GEMARA: With what are we dealing? If we say that the slave was redeemed before the first owner reached a state of despairing with regard to recovering the slave, then even if he was redeemed to be a freeman, he should still belong to his first owner; why would the mishna state that he will not be a slave? Rather, we might say that the slave was redeemed after the despairing of the first owner. Then, even if he was redeemed to be a slave, why will he be a slave? After his owner despairs of recovering him, he becomes ownerless property and consequently acquires his own freedom.

אמר אביי לעולם לפני יאוש ולשום עבד ישתעבד לרבו ראשון לשום בן חורין לא ישתעבד לא לרבו ראשון ולא לרבו שני לרבו שני לא דהא לשום בן חורין פרקיה לרבו ראשון נמי לא דילמא ממנעי ולא פרקי

Abaye said: Actually, the mishna is referring to a case where the slave was redeemed before the despairing of the owner. Therefore, according to the unattributed opinion of the mishna, if he was redeemed to be a slave, he will be a slave to his first master. If he was redeemed to be a freeman, he will not be a slave, neither to his first master nor to his second master, i.e., the one who redeemed him. He will not be a slave to his second master because he redeemed him as a freeman and cannot now demand that he become a slave. He will also not be a slave to his first master lest people refrain from redeeming slaves. If they know that a redeemed slave remains a slave of his original owner, they will not see any reason to redeem them from captivity.

רבן שמעון בן גמליאל אומר בין כך ובין כך ישתעבד קסבר כשם שמצוה לפדות את בני חורין כך מצוה לפדות את העבדים

Abaye continues his explication of the mishna: Rabban Shimon ben Gamliel says: Both in this case and in that case he will be a slave to his first master. The Gemara explains: He holds that just as it is a mitzva to redeem freemen, so too, it is a mitzva to redeem slaves, and there is no concern that people will refrain from redeeming captured slaves.

רבא אמר לעולם לאחר יאוש ולשום עבד ישתעבד לרבו שני לשום בן חורין לא ישתעבד לא לרבו ראשון ולא לרבו שני לרבו שני לא דהא לשום בן חורין פרקיה לרבו ראשון נמי לא דהא לאחר יאוש הוה

Rava said: The mishna should be understood differently. Actually, the mishna is referring to a case where the slave was redeemed after the despairing of the owner. And therefore, according to the unattributed opinion in the mishna, if he was redeemed to be a slave then he will be a slave to his second master, as his original owner had despaired of recovering him. If he was redeemed to be a freeman then he will not be a slave, neither to his first master nor to his second master. He will not be a slave to his second master as he redeemed him as a freeman. He will also not be a slave to his first master, as he was freed after the despairing of the first master.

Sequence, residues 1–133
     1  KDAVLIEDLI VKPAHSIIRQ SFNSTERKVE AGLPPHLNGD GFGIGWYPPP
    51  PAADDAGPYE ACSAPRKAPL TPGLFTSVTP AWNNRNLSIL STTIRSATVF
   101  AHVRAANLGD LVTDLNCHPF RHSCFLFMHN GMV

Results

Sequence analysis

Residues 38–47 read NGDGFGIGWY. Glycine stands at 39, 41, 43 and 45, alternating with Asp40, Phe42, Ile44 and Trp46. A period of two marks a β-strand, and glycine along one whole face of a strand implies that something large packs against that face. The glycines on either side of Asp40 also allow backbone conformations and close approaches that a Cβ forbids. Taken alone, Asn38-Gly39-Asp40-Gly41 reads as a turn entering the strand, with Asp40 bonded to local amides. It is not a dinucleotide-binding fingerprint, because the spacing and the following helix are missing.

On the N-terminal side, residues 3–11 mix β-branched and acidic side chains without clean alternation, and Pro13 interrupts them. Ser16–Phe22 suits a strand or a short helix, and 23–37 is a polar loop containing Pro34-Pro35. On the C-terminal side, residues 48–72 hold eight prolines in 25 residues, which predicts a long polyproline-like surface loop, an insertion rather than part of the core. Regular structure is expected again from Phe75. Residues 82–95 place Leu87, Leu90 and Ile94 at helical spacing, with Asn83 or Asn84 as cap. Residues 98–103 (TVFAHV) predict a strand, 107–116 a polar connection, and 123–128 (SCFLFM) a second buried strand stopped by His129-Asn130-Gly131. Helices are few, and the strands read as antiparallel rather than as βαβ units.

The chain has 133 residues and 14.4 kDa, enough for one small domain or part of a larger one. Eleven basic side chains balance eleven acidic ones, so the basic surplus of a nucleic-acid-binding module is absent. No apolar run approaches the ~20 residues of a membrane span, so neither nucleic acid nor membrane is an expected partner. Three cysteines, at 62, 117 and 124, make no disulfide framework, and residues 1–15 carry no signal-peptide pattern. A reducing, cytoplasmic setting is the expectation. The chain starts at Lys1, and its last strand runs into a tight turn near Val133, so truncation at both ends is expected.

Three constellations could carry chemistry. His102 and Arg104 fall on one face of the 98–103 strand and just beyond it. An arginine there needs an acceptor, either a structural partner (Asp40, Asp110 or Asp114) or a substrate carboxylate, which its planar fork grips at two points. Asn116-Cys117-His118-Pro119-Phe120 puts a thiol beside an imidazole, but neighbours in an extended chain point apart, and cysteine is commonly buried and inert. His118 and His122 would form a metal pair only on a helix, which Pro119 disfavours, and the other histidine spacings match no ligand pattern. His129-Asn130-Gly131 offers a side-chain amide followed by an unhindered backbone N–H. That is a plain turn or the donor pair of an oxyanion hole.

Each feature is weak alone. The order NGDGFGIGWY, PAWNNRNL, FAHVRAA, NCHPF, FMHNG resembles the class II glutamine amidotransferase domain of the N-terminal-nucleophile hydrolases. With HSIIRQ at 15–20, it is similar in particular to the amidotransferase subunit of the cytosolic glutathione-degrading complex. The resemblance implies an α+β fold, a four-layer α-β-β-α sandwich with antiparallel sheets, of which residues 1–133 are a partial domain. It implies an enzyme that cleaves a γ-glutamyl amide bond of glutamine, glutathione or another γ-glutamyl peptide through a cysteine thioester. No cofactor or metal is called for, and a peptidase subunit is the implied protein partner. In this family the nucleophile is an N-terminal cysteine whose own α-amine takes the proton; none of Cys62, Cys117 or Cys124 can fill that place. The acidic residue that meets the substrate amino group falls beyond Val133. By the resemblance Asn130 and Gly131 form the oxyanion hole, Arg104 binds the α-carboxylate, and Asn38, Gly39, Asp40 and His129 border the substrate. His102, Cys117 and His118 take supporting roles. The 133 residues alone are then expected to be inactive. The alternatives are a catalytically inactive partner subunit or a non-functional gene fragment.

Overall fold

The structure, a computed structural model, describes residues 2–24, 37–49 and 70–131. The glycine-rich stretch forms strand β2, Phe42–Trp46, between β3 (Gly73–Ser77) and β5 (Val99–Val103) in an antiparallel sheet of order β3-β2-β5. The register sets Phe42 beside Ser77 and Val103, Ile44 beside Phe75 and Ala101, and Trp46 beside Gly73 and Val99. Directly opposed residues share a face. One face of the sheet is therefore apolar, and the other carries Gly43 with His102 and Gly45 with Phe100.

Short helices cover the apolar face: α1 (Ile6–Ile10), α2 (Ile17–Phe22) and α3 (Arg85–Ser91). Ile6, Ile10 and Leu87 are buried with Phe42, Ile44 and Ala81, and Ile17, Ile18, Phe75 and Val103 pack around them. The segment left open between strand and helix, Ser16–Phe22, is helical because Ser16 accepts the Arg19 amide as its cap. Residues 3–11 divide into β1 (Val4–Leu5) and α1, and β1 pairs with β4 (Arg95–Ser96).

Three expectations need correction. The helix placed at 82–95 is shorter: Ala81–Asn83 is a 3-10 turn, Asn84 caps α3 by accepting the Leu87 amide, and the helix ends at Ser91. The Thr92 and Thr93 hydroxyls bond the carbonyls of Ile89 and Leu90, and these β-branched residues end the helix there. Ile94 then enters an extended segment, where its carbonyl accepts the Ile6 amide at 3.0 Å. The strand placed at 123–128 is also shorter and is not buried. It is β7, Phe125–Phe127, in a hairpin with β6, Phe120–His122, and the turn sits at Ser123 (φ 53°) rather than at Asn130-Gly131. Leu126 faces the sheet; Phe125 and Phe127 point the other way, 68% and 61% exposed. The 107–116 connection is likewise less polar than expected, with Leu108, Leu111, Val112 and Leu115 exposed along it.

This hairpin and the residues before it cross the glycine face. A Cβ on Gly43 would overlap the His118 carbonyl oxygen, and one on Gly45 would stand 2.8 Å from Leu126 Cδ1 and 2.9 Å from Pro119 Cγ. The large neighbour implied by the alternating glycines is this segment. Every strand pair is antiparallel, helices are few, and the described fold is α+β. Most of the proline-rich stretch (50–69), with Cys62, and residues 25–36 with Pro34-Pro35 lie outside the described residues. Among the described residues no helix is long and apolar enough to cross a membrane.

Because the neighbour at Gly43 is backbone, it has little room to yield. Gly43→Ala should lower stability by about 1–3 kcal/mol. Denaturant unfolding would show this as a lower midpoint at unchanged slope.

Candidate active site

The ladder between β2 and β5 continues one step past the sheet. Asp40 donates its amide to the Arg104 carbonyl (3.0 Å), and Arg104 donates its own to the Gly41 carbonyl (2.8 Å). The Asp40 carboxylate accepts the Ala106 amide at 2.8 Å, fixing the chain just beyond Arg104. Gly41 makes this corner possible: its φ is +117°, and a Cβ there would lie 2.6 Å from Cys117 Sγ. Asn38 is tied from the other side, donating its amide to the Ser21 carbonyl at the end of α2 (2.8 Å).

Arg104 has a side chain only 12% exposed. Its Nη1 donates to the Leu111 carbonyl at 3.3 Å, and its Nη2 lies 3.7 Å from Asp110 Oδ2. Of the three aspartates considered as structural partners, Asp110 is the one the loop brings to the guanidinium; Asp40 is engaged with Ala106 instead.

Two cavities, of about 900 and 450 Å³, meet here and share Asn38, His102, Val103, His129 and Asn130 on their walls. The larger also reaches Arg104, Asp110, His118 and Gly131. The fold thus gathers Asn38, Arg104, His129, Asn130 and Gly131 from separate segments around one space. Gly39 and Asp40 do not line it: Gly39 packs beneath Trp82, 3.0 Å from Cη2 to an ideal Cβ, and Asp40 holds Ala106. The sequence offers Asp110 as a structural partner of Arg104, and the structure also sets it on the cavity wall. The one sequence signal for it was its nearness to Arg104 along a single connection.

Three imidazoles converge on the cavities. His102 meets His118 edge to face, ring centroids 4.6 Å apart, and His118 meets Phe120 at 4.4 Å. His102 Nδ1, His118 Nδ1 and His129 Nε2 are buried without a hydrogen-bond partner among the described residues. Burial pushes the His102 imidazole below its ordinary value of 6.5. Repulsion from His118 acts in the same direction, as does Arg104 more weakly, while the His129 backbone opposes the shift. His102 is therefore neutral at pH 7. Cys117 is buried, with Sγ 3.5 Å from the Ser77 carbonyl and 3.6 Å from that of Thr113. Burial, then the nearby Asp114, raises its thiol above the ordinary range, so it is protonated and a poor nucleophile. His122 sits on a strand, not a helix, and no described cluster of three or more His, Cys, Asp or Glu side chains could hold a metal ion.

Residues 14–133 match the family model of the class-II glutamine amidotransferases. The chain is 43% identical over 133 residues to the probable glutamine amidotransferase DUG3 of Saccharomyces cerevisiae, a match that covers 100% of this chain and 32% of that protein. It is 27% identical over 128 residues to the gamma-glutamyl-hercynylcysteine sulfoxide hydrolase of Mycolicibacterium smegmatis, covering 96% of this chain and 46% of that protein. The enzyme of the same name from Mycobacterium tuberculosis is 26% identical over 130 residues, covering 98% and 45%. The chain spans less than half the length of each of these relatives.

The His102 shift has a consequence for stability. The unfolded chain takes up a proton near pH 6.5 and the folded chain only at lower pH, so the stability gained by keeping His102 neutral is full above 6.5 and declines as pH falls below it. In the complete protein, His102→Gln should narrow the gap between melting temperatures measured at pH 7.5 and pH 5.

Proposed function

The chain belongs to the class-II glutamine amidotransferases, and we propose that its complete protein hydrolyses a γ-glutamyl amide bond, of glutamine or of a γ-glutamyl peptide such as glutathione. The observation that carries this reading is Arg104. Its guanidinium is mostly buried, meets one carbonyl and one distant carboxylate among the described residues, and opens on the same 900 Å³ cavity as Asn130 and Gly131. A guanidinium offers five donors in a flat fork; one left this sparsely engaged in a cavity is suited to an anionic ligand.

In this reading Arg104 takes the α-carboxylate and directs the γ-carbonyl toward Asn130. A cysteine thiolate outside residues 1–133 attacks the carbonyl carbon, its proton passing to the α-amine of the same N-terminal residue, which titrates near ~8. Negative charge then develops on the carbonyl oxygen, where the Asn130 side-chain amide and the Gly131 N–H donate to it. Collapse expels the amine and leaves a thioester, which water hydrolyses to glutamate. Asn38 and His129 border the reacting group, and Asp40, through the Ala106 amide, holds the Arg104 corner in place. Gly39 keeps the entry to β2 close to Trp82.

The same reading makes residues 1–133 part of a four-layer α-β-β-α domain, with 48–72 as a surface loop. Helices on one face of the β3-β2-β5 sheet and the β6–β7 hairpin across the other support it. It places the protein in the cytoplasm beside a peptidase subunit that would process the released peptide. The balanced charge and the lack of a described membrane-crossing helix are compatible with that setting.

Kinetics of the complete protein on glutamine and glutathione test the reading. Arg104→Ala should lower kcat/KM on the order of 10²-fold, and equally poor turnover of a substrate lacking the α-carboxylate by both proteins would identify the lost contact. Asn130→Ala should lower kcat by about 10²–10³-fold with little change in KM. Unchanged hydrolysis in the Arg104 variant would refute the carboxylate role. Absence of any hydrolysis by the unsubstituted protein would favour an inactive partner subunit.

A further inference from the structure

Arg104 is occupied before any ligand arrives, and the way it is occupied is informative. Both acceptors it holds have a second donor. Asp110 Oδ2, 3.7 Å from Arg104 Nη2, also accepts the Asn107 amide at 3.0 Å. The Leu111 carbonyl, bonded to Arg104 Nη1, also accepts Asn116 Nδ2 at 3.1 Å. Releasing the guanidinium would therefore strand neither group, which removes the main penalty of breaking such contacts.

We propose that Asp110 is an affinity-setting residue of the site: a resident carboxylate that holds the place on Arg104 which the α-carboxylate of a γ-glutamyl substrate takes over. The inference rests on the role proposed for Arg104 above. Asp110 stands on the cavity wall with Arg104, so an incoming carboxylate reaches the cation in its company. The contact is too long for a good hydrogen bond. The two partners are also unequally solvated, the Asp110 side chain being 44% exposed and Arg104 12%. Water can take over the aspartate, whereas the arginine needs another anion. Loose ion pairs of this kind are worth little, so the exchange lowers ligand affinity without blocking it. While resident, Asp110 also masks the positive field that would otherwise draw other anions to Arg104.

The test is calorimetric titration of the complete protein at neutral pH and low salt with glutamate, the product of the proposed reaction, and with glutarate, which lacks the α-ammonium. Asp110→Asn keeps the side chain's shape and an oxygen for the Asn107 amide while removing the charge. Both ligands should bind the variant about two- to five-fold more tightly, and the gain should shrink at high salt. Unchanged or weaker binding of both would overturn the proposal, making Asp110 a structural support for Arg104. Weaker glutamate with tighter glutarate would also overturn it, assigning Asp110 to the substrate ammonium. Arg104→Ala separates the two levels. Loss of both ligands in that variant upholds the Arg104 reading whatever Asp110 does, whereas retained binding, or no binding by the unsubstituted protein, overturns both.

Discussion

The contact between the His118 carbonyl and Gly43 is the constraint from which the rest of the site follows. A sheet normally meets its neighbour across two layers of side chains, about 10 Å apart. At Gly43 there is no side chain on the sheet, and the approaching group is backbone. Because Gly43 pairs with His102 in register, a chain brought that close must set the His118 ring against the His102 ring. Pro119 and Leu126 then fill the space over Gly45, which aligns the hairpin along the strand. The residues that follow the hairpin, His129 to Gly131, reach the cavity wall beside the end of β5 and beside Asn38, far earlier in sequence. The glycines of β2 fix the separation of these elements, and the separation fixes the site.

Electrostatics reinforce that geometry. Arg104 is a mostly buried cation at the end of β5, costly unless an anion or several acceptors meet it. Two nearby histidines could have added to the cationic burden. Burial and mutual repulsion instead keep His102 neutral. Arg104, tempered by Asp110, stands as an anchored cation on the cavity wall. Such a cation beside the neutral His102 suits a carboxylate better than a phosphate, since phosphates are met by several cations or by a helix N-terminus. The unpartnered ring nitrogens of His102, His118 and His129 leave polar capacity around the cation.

רבן שמעון בן גמליאל אומר בין כך ובין כך ישתעבד כדחזקיה דאמר חזקיה מפני מה אמרו בין כך ובין כך ישתעבד שלא יהא כל אחד ואחד הולך ומפיל עצמו לגייסות ומפקיע עצמו מיד רבו

Rava continues his explication of the mishna: Rabban Shimon ben Gamliel says: Both in this case and in that case he will be a slave. This should be understood in accordance with the statement of Ḥizkiyya, as Ḥizkiyya said: For what reason did they say that both in this case and in that case he will be a slave? They said it so that each and every slave should not go and hand himself over to gentile troops, and in this manner release himself from the possession of his master.

מיתיבי אמר להן רשב"ג כשם שמצוה לפדות את בני חורין כך מצוה לפדות את העבדים בשלמא לאביי דאמר לפני יאוש היינו דקאמר כשם

The Gemara raises an objection to Rava’s explanation from a baraita: Rabban Shimon ben Gamliel said to them: Just as it is a mitzva to redeem freemen, so too, it is a mitzva to redeem slaves. Granted, according to Abaye this works out well as he said that the mishna is referring to a slave that was redeemed before the despairing of his owner, and the unattributed opinion of the mishna rules that he will not be a slave to his original owner due to a concern that people will refrain from redeeming slaves. This is the reason that he said: Just as, since he was explaining that this concern does not exist.

אלא לרבא דאמר לאחר יאוש האי כשם משום דחזקיה הוא

However, according to Rava, who said that the mishna is referring to a slave that was redeemed after the owner’s despairing, and the unattributed opinion of the mishna is not concerned that people will refrain from redeeming slaves, is this the rationale of Rabban Shimon ben Gamliel, that just as it is a mitzva to redeem freemen, so too, it is a mitzva to redeem slaves? His reason is because of the statement of Ḥizkiyya.

אמר לך רבא רשב"ג לא הוי ידע מאי קאמרי רבנן והכי קאמר להו אי לפני יאוש קאמריתו היינו כשם אי לאחר יאוש קאמריתו כדחזקיה

The Gemara answers: Rava could have said to you: Rabban Shimon ben Gamliel did not know what exactly the Rabbis said, and this is what he said to them: If you say this ruling with regard to a slave who was redeemed before his owner’s despairing, this is my response, that just as it is a mitzva to redeem freemen, so too, it is a mitzva to redeem slaves. If you say that this case was after his owner’s despairing, then the reason that I disagree is in accordance with the statement of Ḥizkiyya.

ולרבא דאמר לאחר יאוש ולרבו שני רבו שני ממאן קני ליה משבאי שבאי גופיה מי קני ליה

The Gemara asks: And according to Rava, who said that the mishna is referring to where the slave was redeemed after the despairing of the owner, and he will be a slave to his second master, one can ask: With regard to the second master, from whom did he acquire the slave? If you say that he acquired him from the captor, did the gentile captor himself acquire the slave? The ownership of the second master is contingent on his acquiring the slave from someone who himself had ownership over the slave.

אין קני ליה למעשה ידיו דאמר ריש לקיש מנין לעובד כוכבים שקנה את העובד כוכבים למעשה ידיו שנאמר (ויקרא כה, מה) וגם מבני התושבים הגרים עמכם מהם תקנו אתם קונים מהם

The Gemara answers: Yes, he acquired ownership with regard to his labor, as Reish Lakish says: From where is it derived that a gentile can acquire another gentile as a slave with regard to his labor? As it is stated: “Moreover, of the children of the strangers who sojourn among you, of them you may acquire” (Leviticus 25:45). This indicates that you, Jews, can acquire slaves from them,